15 May 2017

How do I - Change a SharePoint site URL?

This is probably one of the most common questions I've been asked over the years.  Unfortunately, Microsoft doesn't provide a UI method for users to change the URL of their site.  Given the database schema and the relationships between objects and the URL, I've always been perplexed as to why this was never done.  To me it seemed like a pretty easy SQL update.

Although there are many methods to overcome this problem, such as the site backup/restore method described by Todd Klindt, these methods become increasingly more time consuming as the site size grows.  The easiest method in my mind still remains using the SPSite.Rename() method.  Unfortunately, the MSDN article states at the top that it "Changes the URL of a host-header-named site collection to a new URL.".  I believe this is why this method has remained obscure and under-leveraged.  At the end of the article, it also states "After the site rename, an app pool recycle is recommended to force refreshing the cache." which is incorrect.  An app pool recycle is required in order for the new URL to work correctly.

But enough picking apart MSDN articles... let's get to the good stuff. :-)
The following Powershell script does what we want:

The core of the script is lines 9 and 10.
Remember to recycle your web app's app pool!


17 April 2017

How do I - Remove an item from a Powershell array.

Because Powershell is so close in syntax to C#, we often forget that it is in fact, NOT C#.  A good example of this is manipulating arrays.  While Powershell did implement the += method for adding items to an array, it does not support -= for removing them.  Fortunately, the -ne switch serves the same purpose.  See the following example for a quick demonstration of removing items from an array in Powershell.


20 March 2017

How do I - Remove duplicates from a Powershell array?

When it becomes necessary to remove duplicates from a Powershell array variable, it can quickly be achieved via the -unique switch.  You can even sort at the same time like this:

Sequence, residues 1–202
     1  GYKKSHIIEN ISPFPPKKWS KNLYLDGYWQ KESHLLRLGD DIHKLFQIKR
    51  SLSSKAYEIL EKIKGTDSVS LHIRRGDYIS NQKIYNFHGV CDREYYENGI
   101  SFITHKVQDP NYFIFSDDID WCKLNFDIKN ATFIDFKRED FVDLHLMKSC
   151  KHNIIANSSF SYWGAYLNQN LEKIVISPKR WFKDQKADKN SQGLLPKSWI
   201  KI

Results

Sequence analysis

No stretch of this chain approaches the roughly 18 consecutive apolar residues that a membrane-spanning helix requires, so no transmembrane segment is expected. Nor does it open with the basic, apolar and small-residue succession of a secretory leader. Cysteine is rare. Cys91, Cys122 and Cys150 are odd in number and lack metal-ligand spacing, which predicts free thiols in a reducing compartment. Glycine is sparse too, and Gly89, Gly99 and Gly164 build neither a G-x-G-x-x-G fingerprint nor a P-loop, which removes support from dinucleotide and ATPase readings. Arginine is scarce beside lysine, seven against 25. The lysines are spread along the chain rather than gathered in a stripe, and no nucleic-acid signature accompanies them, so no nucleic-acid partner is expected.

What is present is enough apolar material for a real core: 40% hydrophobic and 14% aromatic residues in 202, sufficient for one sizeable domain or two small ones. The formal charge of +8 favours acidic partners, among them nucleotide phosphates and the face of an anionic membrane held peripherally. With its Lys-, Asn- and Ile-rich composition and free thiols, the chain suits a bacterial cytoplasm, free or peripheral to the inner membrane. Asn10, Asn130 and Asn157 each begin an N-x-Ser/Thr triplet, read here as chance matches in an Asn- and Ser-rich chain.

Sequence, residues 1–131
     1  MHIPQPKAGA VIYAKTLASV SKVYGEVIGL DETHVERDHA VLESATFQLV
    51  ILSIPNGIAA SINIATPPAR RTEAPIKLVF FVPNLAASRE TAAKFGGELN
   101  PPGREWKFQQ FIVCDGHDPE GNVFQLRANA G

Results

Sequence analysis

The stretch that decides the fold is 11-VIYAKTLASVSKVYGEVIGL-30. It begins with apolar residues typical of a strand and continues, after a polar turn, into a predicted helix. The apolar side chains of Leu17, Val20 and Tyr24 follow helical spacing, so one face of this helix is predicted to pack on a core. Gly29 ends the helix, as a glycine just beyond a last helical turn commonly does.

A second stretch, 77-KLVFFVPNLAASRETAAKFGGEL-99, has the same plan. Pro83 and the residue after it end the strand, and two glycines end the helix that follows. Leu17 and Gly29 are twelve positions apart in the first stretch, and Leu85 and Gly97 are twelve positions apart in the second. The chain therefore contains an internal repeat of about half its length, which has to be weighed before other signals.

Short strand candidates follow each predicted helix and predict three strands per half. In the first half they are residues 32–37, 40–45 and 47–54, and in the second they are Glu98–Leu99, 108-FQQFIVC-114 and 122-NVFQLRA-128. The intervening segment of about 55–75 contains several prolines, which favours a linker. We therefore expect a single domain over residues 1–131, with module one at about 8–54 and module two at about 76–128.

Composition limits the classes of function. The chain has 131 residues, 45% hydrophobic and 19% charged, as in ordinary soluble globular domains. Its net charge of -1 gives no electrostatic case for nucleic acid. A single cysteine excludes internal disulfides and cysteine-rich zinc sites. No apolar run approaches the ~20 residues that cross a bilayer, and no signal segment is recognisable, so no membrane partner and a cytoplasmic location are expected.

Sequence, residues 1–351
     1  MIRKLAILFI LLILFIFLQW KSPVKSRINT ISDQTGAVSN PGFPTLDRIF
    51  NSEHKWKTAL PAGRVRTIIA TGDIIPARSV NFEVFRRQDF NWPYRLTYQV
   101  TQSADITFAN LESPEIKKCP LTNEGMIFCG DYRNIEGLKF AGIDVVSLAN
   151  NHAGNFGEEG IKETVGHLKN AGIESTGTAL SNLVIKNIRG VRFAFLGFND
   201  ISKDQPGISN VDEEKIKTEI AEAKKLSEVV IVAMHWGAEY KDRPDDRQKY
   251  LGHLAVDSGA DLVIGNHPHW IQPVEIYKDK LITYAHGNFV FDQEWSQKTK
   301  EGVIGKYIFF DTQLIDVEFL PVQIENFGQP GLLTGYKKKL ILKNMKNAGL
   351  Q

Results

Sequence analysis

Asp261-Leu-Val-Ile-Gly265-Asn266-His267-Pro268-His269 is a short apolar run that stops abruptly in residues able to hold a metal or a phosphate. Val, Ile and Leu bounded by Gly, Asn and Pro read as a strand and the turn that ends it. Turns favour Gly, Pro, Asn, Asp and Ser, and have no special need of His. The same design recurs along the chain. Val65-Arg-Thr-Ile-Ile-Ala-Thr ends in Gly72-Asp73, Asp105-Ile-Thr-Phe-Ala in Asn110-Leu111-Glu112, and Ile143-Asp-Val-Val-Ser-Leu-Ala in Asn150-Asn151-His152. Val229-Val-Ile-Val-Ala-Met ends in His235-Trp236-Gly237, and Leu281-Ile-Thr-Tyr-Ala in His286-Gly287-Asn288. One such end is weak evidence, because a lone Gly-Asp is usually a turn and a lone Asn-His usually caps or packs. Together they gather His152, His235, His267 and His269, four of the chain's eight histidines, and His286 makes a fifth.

27 February 2017

How do I - Validate an Assembly is Loaded in Powershell?

Recently, I ran into an issue when auditing TFS.  The issue was related to an intermittent problem where the Powershell script would sometimes work, and sometimes fail.  From a developer perspective, this is an impossibility.  Code either works or it doesn't.  If it sometimes work, then there is most likely something else at play.
Inevitably this lead me down the path of dependencies.  I had to ensure that we had the right TFS DLLs loaded for the script.  This can easily be done with reflection via the GetAssemblies() method of the CurrentDomain within the AppDomain object in Powershell.  The simple command:


returns a comprehensive list of loaded DLLs.  From here you can identify if your DLL is loaded, or as was the case in another session for me, identify that wrong versions of the target DLL is loaded.  That's good, but how do I use that logically in Powershell code e.g. when I want to see if a DLL is already loaded before attempting to load it again.  (As we know, that throws ugly red text that the operator might mistake for an error rather than the EXPECTED error it is.)

Therefore, using the pipe, we could do something like this:

([AppDomain]::CurrentDomain.GetAssemblies() | where {$_ -match "Microsoft.TeamFoundation.Client"}).Location -eq ""

As you can see, we pipe the output from GetAssemblies() to the where clause attempting to match with the DLL partial name, e.g. "Microsoft.TeamFoundation.Client" in this case.
By wrapping the entire statement in parentheses, we can access the .Location property of the returned object, provided there is one.  If there is none, the location value would be blank and by doing an equal check for blank, we can get a boolean result statement that identifies if a given DLL is loaded. :-)


20 February 2017

Beware of [System.Reflection.Assembly]::LoadWithPartialName!!!

If you've been in the Powershell world for any length of time, you will most certainly be familiar with this construct: